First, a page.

$2 million for the Advanced Technology Lightweight Armament System-Rarefaction Wave Gun (ATLAS) Raven-Benet Labs. ATLAS supports the current Army Vision by setting the basis for the development of ultra-lightweight combat vehicles that will significantly enhance the ability of all services to rapidly deploy to trouble spots worldwide with a suite of extremely lethal, agile, and survivable vehicles. The ATLAS system will provide the enabling technologies for unprecedented reductions in the weight (up to 50%) of large caliber high muzzle energy cannons. These weight reductions in the gun system will in-turn bring the vehicle weight well under the 14-ton limit required for air transportability.

The weight reductions will be achieved through the use of the Sonic Rarefaction Wave Gun (Raven), which has been demonstrated to reduce recoil impulse by 75% and bore heating by 50% with no loss of muzzle energy. The Raven concept functions just like a high velocity cannon until the projectile has traveled a predetermine distance down bore.

At this time the breech is opened allowing the propellant gases to vent out the breech through a diverging nozzle thus generating forward thrust canceling much of the recoil force. Funding supported by this request would be utilized to define the materials and design requirements, perform initial engineering analysis, and develop composite materials, optimize manufacturing technologies and develop demonstrators of ATLAS structures.

$1 million for the Functionally Integrated Reactive Surfaces-Starfire Systems (FIRST). FIRST would establish a “one stop shop” for research, development, systems integration, and technology transfer of surface reactive technologies into functional materials and devices for specialized clothing, sensors, tools and materials structures operating in hazardous environments. The technologies would be able to detect and automatically ameliorate the threat of any injury to the soldier on the battlefield as well as allow first responders to operate unimpeded or with enhanced capability for longer periods of time in the presence of biological, chemical, and fire threats.

Functionally enhanced, renewable, biosurfaces in textile fiber or multifilm form will not only be able to neutralize bio and chemical attacks but will also perform tissue repair and serve as an interface for enhanced sensory perception. A systems of systems prototype manufacturing approach would be used to functionally integrate smart bio-surfaces with renewable enzymatic action and controlled drug release capability, system-on-a-chip technologies, opto-electronics and photonics devices and closed loop sensors for monitoring, detection and the implementation of protection into field deployable solution operating on minimal power.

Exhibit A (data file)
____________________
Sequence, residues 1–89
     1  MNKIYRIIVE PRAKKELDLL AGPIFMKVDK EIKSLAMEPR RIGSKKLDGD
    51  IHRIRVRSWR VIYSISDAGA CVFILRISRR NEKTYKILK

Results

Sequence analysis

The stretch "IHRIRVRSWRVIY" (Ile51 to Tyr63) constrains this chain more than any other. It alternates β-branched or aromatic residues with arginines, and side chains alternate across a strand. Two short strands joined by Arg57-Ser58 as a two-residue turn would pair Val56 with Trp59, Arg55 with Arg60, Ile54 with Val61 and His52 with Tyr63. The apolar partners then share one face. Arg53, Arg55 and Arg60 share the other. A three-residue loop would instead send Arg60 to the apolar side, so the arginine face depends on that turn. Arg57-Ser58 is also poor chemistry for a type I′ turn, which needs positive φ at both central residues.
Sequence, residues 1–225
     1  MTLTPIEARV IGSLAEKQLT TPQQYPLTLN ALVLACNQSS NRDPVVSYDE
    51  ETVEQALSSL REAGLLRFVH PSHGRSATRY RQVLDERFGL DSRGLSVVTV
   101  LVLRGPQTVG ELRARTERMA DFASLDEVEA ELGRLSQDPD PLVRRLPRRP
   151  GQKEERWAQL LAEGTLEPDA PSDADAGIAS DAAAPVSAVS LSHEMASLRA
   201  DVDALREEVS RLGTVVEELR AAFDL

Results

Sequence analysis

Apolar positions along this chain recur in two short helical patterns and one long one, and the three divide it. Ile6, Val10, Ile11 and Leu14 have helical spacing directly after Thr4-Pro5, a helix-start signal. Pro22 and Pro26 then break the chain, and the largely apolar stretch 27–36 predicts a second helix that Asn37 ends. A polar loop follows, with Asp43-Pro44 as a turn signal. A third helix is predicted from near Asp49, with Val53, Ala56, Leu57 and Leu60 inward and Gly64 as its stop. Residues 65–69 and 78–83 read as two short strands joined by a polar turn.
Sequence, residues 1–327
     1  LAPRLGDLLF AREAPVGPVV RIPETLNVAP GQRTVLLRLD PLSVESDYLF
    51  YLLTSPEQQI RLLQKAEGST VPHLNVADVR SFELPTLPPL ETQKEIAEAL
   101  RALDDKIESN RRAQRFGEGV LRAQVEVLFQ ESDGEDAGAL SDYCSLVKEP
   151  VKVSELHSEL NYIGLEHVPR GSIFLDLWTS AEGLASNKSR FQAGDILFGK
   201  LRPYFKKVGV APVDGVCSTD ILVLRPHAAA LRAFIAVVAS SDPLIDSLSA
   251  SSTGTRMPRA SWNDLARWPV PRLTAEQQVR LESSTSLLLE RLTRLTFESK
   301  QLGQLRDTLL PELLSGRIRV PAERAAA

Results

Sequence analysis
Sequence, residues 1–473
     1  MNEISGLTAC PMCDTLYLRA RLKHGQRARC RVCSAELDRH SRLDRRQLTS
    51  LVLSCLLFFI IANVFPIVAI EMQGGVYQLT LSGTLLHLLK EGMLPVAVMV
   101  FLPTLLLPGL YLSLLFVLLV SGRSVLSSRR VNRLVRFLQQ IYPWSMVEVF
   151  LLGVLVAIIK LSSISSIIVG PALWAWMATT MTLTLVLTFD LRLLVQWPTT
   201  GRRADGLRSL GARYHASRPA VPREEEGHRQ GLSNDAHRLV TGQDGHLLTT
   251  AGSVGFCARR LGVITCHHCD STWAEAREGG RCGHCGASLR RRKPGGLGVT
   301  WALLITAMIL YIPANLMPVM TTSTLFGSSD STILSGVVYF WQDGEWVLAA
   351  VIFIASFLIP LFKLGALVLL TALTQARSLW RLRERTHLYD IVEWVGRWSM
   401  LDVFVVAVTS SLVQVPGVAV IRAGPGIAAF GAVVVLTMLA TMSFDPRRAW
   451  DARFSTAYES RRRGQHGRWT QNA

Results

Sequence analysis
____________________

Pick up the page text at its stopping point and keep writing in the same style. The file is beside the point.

$12 million for the Arsenal Support Program Initiative (ASPI). The purpose of the ASPI is to help maintain the viability of Army manufacturing arsenals and the unique capabilities of these arsenals in supporting the national security interests of the United States. ASPI funds are used by the arsenal to market its unused space - and its potential - to private contractors. In Watervliet's case, this program would help the arsenal get companies to set up shop in its vacated buildings, bringing significant new investment to the Capital Region.

$6 million for GSIE-AGILE Program. The U.S. Tank-automotive Armaments Command (TACOM) has initiated an effort to tie 6 Army Arsenals and Depots under their command. They call this effort Ground Systems Industrial Enterprise (GSIE). The Army Ground systems Lean Enterprise (AGILE) program will deploy software and hardware to each of these sites therefore allowing their industrial capabilities to communicate efficiently and effectively with each other resulting in a 50% reduction in time and a 15- 35% reduction in cost for their product data exchange.

$3 million for Prophet I Block Enhancements for the 642 Utility Intelligence Battalion in Troy, NY. The Prophet Ground Block I receiver and antenna group supports the interception, interpretation and line-of-bearing detection of enemy radios or telephones. Multiple systems may be used working together to precisely determine the location of opposition radio positions. This funding will enhance the current system by allowing it to recognize and track a wider variety of enemy radio signals.